6. South Carolina — Last year things went weird in South Carolina, as Steve Spurrier walked out on the team at midseason and left the coaching duties to co-offensive coordinator Shawn Elliott. The Gamecocks predictably spiraled to a 3-9 finish, as the team went through the motions uncertain about their collective and individual futures. In comes Will Muschamp, freshly redeemed after some time back as a coordinator at Auburn, and he’ll have the least experienced team in the division to begin the rebuild in Columbia. If Perry Orth matures at quarterback the offense will still likely be merely mediocre, as South Carolina lost its top tailback, is thin at receiver, and returns just two offensive line starters from last year. The defense should improve under Muschamp, but the eight returning starters mask the larger loss of depth on that side of the ball. Road trips to Vanderbilt and Mississippi State await right away to start the season, offering no chance to work out the kinks against a non-conference opponent. Muschamp is probably not going to engineer a quick turnaround, but subtle improvement would start with getting closer to bowl eligibility.
5. Vanderbilt — The Commodores were a team of contrasts in 2015, as a solid defense continually found itself betrayed by one abysmal offensive performance after another. The offense could only muster two games with 20 or more points against FBS competition, and only topped 30 points in a matchup against FCS Austin Peay. Derek Mason has one of the most experienced teams returning in the SEC, but it won’t matter unless an offense with eight returning starters can begin to contribute to the scoreboard more effectively. Settling on one starting quarterback would be a great place to start, given the returning talent at the skill positions. The defense should be at least as good as it was last year, with the potential to finish in the top 20 nationally given its depth at every level. A matchup with South Carolina at home to begin the year will set the tone for 2016 right off the bat, and trips to Georgia Tech and Western Kentucky to wrap up September will determine whether or not the Commodores can qualify for the postseason.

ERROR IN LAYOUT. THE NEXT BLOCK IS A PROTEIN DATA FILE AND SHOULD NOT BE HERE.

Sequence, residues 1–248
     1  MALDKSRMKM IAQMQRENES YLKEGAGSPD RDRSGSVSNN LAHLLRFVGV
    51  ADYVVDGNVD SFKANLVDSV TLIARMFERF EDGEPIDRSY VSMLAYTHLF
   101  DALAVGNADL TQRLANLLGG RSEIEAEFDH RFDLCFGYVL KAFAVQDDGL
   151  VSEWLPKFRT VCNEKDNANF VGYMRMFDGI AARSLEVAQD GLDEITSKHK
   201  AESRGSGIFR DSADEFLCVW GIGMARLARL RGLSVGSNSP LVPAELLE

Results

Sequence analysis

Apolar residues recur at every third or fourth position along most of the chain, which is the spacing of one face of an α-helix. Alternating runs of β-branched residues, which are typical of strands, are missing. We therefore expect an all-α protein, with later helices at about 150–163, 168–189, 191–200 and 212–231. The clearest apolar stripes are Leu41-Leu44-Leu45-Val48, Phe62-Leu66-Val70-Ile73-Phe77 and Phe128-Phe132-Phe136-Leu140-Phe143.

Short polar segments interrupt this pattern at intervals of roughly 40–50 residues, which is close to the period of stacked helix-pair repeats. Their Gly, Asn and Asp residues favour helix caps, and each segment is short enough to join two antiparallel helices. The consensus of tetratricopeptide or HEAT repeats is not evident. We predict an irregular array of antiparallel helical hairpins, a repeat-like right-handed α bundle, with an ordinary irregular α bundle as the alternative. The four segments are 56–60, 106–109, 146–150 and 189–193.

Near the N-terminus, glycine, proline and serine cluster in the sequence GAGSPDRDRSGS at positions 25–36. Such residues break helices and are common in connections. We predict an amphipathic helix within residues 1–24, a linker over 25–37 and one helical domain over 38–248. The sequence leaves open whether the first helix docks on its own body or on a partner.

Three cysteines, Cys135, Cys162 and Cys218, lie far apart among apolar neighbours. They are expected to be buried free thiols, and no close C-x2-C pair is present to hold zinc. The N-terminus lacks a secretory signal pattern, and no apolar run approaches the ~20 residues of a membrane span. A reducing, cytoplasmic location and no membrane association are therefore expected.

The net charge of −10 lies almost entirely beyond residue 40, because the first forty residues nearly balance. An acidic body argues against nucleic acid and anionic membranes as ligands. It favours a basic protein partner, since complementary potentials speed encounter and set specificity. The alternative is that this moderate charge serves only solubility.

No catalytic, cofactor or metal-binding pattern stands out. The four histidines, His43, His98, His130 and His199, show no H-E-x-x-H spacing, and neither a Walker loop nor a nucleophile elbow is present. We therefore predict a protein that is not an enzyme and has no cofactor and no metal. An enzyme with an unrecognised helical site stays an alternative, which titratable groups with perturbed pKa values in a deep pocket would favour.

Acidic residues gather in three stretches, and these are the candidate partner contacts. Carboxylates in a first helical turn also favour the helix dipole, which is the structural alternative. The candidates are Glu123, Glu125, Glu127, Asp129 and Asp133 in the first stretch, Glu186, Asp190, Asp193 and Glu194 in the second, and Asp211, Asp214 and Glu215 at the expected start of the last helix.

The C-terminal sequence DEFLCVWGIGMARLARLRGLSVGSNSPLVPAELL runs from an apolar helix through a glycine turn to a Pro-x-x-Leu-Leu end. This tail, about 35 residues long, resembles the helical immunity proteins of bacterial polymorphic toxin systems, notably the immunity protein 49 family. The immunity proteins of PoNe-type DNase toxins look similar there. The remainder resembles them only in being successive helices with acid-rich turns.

4. Kentucky — Last year the Wildcats started the season 4-1, with only a five-point loss to Florida marring an otherwise perfect record. Then midnight came for Cinderella, with five straight losses ending the dream of going bowling for the first time in five years. Rich Brooks steered this team back toward SEC respectability, but since his 2009 retirement Kentucky has gone just 25-48 and finished the year with a losing record each time. Now entering his fourth season at the helm, Mark Stoops returns a solid offense to try to push the team to that last win needed for bowl eligibility. Four-star sophomore Drew Barker stole away the quarterback job at the end of last year, and now it is his alone after Patrick Towles transferred to Boston College. The front seven on defense suffered heavy losses, though their marginal numbers relative to the SEC average might make this infusion of new talent a blessing in disguise. Southern Miss presents a tough home opener, and the only other sure wins on the schedule are New Mexico State and FCS Austin Peay. Unless they nab a few upsets, the postseason drought will likely extend to a sixth season.